Facing an Uncertain Future: A ‘non-suba anagathayak’

Photo courtesy Bindaas Madhavi

While the so-called ‘rulers’ prance about in their hubris, ignoring the global events that will also affect us, there is very serious concern that ‘We Are ‘Entering A Long-Term And Politically Dangerous Food Crisis’ . The author of the study suggests that, ‘we are five years into a severe global food crisis that is very unlikely to go away. It will threaten poor countries with increased malnutrition and starvation and even collapse. Resource squabbles and waves of food-induced migration will threaten global stability and global growth. This threat is badly underestimated by almost everybody and all institutions with the possible exception of some military establishments.’

Many reasons are given as to why such a crisis will occur, but two factors identified by this study must be considered in all ‘development’ projects that are being touted as ‘progress’ in Sri Lanka. To do less will tantamount to a betrayal of the nation.

(1) There will be increased weather instability, notably floods and droughts, but also steadily increasing heat.  The climate is changing.

(2) The costs of fertilizer and fuel will rise rapidly

All this points to the need for immediate action. We cannot plan to conduct business as usual and keep treating the land as we have done for the past two hundred years. During this time, we have changed our landscapes, from forested to agricultural and then from agricultural to industrial. As the landscapes change, we forget that it is the condition of the landscape that provides sustainability for those living in it and that landscapes are slow to respond to rapid changes. We know that rapid changes are going to become the norm in the future, and planning must be done with this reality in mind.   The failure of the last monsoon is only a foretaste of things to come. By now we should have had some national response and adaptation strategies in place, but sadly we have none.

Yes, there has been a plethora of conferences around the subject, but what do I do if my drinking water runs out? What do I do if there is salt intrusion into my field? How do I deal with sudden windstorms? If the years spent on discussing adaptation had borne any fruit, we would now be seeing public education programs on climate change preparedness by now.

In the parched North East there is no organized program to consider the sustainability of drinking water. The reality that the climate is changing has not registered as yet. The failure of this monsoon may be repeated soon. The probability of floods also increases. How can we respond?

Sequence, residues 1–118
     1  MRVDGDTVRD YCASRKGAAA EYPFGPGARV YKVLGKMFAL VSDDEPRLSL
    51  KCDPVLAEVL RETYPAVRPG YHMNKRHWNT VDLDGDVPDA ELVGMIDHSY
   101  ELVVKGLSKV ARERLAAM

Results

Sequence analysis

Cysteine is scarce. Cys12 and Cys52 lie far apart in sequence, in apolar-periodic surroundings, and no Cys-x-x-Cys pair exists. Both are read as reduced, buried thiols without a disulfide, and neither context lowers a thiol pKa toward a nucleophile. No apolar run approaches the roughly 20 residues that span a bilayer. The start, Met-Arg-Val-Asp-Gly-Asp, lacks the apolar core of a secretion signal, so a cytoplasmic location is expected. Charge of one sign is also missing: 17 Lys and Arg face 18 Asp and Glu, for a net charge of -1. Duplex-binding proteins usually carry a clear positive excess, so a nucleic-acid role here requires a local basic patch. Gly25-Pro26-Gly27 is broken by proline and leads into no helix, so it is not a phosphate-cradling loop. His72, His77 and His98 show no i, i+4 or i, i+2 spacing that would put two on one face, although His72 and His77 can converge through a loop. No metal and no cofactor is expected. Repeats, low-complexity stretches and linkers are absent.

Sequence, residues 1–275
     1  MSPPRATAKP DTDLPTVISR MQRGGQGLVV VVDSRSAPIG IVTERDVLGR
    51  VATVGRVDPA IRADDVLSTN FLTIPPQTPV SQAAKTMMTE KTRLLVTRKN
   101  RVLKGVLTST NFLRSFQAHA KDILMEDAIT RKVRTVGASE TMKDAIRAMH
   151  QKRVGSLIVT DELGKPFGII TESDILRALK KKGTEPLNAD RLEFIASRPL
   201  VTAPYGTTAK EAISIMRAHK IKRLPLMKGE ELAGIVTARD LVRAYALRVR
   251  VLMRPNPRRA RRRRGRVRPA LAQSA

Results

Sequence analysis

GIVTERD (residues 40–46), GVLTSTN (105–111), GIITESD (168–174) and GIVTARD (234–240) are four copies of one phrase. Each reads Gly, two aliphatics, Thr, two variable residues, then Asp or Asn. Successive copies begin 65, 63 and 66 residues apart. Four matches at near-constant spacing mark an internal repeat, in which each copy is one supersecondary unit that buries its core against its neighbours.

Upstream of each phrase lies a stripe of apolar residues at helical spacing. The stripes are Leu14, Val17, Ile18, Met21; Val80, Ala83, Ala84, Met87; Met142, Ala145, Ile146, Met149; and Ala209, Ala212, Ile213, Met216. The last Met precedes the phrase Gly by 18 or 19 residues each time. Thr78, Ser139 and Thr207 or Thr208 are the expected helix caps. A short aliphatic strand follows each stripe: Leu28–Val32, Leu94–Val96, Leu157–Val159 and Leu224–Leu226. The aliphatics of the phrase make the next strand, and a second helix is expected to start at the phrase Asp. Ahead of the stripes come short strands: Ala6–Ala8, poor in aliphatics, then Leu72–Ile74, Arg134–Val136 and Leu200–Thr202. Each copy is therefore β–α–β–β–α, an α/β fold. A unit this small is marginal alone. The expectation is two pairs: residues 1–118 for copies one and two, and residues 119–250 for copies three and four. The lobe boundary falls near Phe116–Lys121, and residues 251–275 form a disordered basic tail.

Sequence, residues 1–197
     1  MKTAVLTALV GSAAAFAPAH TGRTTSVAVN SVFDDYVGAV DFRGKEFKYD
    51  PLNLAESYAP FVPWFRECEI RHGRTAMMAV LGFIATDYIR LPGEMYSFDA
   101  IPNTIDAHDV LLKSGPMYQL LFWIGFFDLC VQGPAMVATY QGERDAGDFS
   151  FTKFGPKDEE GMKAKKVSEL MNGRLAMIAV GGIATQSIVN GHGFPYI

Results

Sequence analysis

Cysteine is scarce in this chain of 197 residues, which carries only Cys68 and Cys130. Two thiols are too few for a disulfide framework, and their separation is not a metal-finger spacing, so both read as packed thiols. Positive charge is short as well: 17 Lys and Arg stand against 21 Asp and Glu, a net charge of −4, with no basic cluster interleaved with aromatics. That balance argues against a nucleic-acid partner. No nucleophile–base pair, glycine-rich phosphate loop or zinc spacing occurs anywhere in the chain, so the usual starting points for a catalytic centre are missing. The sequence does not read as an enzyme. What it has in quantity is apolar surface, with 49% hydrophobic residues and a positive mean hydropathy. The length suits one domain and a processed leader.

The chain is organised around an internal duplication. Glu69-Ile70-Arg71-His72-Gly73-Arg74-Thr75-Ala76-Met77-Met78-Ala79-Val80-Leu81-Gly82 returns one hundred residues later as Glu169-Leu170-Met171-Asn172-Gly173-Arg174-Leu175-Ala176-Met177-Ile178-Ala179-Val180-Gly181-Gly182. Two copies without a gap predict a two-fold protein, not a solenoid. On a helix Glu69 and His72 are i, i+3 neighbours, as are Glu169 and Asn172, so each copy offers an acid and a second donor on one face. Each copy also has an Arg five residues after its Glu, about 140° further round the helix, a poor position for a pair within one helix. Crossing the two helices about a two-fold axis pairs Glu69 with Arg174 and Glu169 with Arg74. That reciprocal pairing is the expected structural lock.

The link between land degradation and desertification has been made abundantly clear in studies conducted in Africa and Australia. A loss of natural vegetation, a loss in soil organic matter and a loss of soil stability contribute greatly to the process.  These processes are often interlinked.  Vegetation encourages soil stability by providing cover, the binding action of roots, providing root exudates and finally by the contribution of its biomass to the soil.  A loss of vegetation results in a corresponding loss of soil organic matter and stability.

Soil organic matter and soil stability are often linked.  A soil that becomes denuded of its content of organic matter looses the glue that holds soil particles together and becomes easily erodible.  The more a soil erodes the more difficult it becomes for the soil microorganisms to glue the particles together.  The process is analogous to a spider’s web in the wind.  A whole web can withstand the pressure.  If one of the threads that anchor it is broken the spider can repair it, but if the rate of damage is slowly increased, there will come a time when the spider cannot repair the damage and the web will be destroyed by the wind.

As if that was not enough, now there is an assault on affectivity of the soil. Soil is not just dirt. It is a complex living ecosystem, which, if abused and neglected will indeed degrade to lifeless dirt. Soil, is one of the most important components of terrestrial ecosystems, yet its value has been overlooked by most modern approaches to land development, agriculture and forestry.

The problems that were outlined in 1978  and ignored by the politicians and bureaucrats have now come to haunt us. Today we have a population, exposed to a huge cocktail of agro toxins for over decades. Heavy metals such Mercury, Cadmium and Arsenic have become common in our agro ecosystems, biological magnification, like the interest on loans taken, is like a ticking clock, increasing the risk of yet another Sri Lankan being poisoned.